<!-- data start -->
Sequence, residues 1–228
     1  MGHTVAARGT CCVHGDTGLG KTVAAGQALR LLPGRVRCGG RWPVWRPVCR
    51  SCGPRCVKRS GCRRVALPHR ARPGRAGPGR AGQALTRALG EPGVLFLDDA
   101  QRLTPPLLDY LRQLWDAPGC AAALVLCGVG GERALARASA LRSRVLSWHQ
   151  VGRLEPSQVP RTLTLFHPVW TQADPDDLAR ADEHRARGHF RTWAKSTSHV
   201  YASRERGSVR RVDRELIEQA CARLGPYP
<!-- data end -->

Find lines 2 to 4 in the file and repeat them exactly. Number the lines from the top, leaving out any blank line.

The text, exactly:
     1  MGHTVAARGT CCVHGDTGLG KTVAAGQALR LLPGRVRCGG RWPVWRPVCR
    51  SCGPRCVKRS GCRRVALPHR ARPGRAGPGR AGQALTRALG EPGVLFLDDA
   101  QRLTPPLLDY LRQLWDAPGC AAALVLCGVG GERALARASA LRSRVLSWHQ